On Saturday, the Tibet Society, Students for a Free Tibet (UK) and the Tibetan Community of Great Britain organised a screening at the Prince Charles Cinema in Leicester Square. We had a great turnout, with many Tibetans in attendance. The response of the audience was really moving. We were really encouraged by the fact that so many young Tibetans told us afterwards that they thought the film really expressed what they were feeling. But more than anything, the response of a young Tibetan woman from Lhasa who was deeply moved by the film, meant everything to us.

Now it’s back to New York and all focus is on the Film Forum opening!

One World and the Vaclav Havel Award

March 20th, 2010

London, 20 March 2010.

We left Prague yesterday. The previous evening was the Closing Night ceremony of the One World Human Rights Documentary Film Festival and a most memorable one for us. Not only did we receive the Vaclav Havel Award from President Havel himself, we won another award, the Rudolf Vrba Award, which is given to the best film in the Right to Know category. The jury for this award is deliberately made up not of filmmakers but of individuals working in the field of human rights, and this year’s jury included Burmese activist, Ko Maung, and Chinese human rights lawyer and Charter ‘08 signatory, Li Xiongbing.

In their statement, the jury said: “This year the Rudolf Vrba Jury Award goes to “The Sun behind the Clouds”, a film by Ritu Sarin and Tenzing Sonam about the Tibetans’ human rights struggle. It portrays courage, passion and wisdom, and it inspires, challenges, and asks questions.  What do freedom, independence, and autonomy mean in today’s world? What do we expect from those who have influence over people’s thoughts and feelings?  And finally, should we, when fighting for human rights, make decisions with our hearts or with our minds?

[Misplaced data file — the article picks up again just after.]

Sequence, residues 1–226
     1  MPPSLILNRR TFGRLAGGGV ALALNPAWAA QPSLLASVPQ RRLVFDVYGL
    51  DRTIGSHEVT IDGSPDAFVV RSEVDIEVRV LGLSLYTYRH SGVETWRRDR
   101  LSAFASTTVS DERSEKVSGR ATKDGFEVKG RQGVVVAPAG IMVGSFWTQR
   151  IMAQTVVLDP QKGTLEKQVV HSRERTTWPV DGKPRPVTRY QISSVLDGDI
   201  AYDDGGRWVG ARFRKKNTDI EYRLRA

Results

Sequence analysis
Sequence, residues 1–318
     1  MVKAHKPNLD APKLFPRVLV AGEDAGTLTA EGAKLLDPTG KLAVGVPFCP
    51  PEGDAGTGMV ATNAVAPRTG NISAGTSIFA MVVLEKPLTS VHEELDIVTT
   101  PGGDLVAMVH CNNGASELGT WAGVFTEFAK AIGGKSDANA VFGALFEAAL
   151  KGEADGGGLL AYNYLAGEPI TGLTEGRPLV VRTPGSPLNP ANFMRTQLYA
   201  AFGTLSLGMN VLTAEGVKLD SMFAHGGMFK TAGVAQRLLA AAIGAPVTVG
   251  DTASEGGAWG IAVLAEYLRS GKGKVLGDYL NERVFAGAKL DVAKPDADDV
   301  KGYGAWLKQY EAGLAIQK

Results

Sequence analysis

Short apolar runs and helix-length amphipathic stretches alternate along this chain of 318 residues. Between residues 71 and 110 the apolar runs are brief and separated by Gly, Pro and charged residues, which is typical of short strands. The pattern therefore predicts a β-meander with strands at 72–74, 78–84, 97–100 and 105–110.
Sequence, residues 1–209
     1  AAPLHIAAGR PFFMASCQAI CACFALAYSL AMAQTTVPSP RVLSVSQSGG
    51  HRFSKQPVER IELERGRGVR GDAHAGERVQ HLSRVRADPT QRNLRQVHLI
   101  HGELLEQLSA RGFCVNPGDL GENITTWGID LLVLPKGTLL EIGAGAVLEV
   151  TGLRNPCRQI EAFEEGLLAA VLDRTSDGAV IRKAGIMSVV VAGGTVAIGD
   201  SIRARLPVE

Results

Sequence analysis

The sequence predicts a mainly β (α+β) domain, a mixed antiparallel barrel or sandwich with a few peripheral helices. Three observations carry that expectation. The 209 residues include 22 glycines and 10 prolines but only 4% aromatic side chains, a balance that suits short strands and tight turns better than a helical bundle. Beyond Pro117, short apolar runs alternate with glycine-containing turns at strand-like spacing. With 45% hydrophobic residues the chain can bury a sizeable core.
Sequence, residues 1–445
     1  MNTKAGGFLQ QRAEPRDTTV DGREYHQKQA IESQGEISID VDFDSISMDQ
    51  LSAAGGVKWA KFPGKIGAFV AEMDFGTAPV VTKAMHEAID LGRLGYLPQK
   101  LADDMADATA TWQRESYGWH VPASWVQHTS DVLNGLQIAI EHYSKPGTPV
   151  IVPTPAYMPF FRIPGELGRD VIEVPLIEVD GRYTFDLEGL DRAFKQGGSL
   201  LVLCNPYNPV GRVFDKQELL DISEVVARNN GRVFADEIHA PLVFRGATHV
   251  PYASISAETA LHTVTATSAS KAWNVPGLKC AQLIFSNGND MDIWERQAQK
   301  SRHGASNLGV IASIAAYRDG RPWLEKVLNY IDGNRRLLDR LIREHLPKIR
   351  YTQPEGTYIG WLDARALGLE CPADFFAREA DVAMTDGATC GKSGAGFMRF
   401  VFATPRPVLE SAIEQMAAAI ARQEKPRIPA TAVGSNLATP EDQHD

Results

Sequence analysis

Today, the Tibetan human rights movement is an inseparable part of the world human rights movement. The conditions of human rights in Tibet can impact human rights around world. We hope that by awarding the prize to this film we will encourage more people to see it.”

President Havel is a much loved and respected figure in the Czech Republic. People still address him as Mr President even though it’s been years since he left office. He is a much smaller man than we expected and his recent illness has left him looking frail. But there is a naughty sparkle in his eyes and you can still feel his drive and energy. At the award ceremony, he read out a brief statement explaining why he had selected our film for the special award. The way it works is that a jury pre-selects a small number of films that it believes will be of interest to Havel, and then he watches the short list and makes the final decision. His main reason for selecting our film was that it showed the complexity of the Tibet situation in a human way and for the first time made him understand the heart of the Tibetan people. We will post the English translation of his remarks and those of the Right to Know jury as soon as we get them from the festival.

After the ceremony, there was a party at the bar of the Lucerna Cinema, a beautiful old theatre built by President Havel’s grandfather. The bar was packed with people and – in a sight that is increasingly rare these days – full of smoke as the Czechs puffed away with abandon! Havel sat at a corner table and we had the honour of sitting with him. Our executive producer, Francesca von Habsburg, had joined us for the award ceremony and was as excited as us to meet him. One of the questions I asked him was what he thought about the division between His Holiness’ Middle Way Approach and those calling for independence. His response was that he felt it was important for His Holiness to have his way but equally important for the people to follow their own path. He told us that his hope for instituting the award in his name was that it would bring greater awareness to the causes the films represented.